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Explore the numerous type options, type-related features, and type-specific preferences of Adobe InDesign. Using practical, real-world examples, instructor and designer Nigel French dissects the anatomy of a typeface and defines the vocabulary of typography. The course moves from the micro to the macro level, addressing issues such as choosing page size, determining the size of margins, adjusting number columns, and achieving a clean look with baseline grids. This course takes you from laying out a page to delving into the hows and whys of typography.
Now you know you are a typography geek when you can tell the difference between a standard ellipsis, and an ellipsis that has been custom created by using thin spaces. And that's what we're going to be talking about in this movie, so we're really drilling down to the micro level of typography. But this stuff is important, this is the kind of stuff that is going to elevate your work above the work of everyone else's. And we see three different approaches to the ellipsis. The ellipsis being three dots to signify, typically, the omission of some information, or a pause in the thought. And there is also a four dot ellipsis where something might trail of at the end of the sentence, and you add a forth dot to signify the end of the sentence.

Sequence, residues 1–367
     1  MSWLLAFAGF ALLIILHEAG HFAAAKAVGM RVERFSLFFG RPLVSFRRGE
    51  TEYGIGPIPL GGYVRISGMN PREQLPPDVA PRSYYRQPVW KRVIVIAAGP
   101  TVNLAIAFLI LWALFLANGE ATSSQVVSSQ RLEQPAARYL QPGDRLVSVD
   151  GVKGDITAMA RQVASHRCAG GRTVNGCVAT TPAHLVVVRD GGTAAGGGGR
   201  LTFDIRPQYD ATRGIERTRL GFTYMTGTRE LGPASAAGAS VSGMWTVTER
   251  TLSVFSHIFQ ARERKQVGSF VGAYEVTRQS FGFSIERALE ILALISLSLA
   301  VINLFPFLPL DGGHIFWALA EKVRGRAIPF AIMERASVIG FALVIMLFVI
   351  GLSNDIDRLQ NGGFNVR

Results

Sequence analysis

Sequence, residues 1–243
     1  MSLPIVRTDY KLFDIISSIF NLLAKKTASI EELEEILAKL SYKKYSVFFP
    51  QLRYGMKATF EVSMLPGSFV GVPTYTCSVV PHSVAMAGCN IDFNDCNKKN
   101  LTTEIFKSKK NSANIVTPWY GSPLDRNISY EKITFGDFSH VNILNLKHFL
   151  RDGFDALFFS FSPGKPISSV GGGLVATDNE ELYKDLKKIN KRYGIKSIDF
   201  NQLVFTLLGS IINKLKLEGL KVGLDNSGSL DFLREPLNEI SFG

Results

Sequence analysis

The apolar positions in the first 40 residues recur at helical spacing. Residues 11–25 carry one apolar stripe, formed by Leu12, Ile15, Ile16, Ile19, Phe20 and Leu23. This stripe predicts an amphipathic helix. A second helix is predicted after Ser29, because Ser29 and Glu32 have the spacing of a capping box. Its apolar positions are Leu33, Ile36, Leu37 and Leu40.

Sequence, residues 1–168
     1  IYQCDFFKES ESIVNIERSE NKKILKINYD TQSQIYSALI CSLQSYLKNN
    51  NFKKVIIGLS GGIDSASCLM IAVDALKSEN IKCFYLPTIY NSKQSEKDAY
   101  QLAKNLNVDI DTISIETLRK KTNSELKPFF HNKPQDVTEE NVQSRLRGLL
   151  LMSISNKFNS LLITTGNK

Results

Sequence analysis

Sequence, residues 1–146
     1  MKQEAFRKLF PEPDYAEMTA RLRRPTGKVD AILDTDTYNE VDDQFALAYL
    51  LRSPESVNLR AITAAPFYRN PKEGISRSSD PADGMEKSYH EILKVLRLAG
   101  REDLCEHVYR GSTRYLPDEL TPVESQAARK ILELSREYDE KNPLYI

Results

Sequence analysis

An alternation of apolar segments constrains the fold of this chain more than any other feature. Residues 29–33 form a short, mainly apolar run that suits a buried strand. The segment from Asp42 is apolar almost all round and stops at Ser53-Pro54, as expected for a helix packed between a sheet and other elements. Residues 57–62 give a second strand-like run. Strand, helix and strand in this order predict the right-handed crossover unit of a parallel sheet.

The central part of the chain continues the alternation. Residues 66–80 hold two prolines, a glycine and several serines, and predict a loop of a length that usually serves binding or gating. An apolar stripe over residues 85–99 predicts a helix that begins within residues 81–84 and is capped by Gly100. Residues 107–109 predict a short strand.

You may want to clarify usage, usage does very so refer to whatever style manual you are using, but typographically we have three different approaches and starting out at the top, we can separate these dots with thin spaces --Command+Option+Shift+M is the keyboard shortcut--or we can use the ellipsis character, which is three dots made into a single character or, and not so good, the third option, we can just type three dots. Now the problem with the three dots is they look too close together. The problem with the ellipsis character--which incidentally we can get by holding down Option and pressing semicolon, we can also right-click and come to Insert Special Character and Symbols right there Ellipsis.
The problem with the ellipsis character is that perhaps there's just not quite enough air between the dots. So if we want to customize our ellipsis then we need to use thin spaces. Now if I turn on my Guides by pressing W, you can see we have the hidden character, I also have my Hidden Characters turned on, the Hidden Character indicating the use of a thin space. In order to get this, thin space, thin space, thin space, and another thin space.
And of course, you wouldn't want to have to do that repeatedly, that would be a very, very tedious, so if you do need to switch one type of ellipsis to a custom ellipsis you can do that with Find/Change. The best route really, is to get one right, copy it, and then go into Find/Change. And let's say we're looking for three dots, and we want to replace it with, and I'm now just going to paste what I copied from the layout into the Change to field. So that's a way you can automate what would otherwise be a very tedious and laborious process.
But make sure whichever of these first two styles you go for that you are consistent throughout your document.
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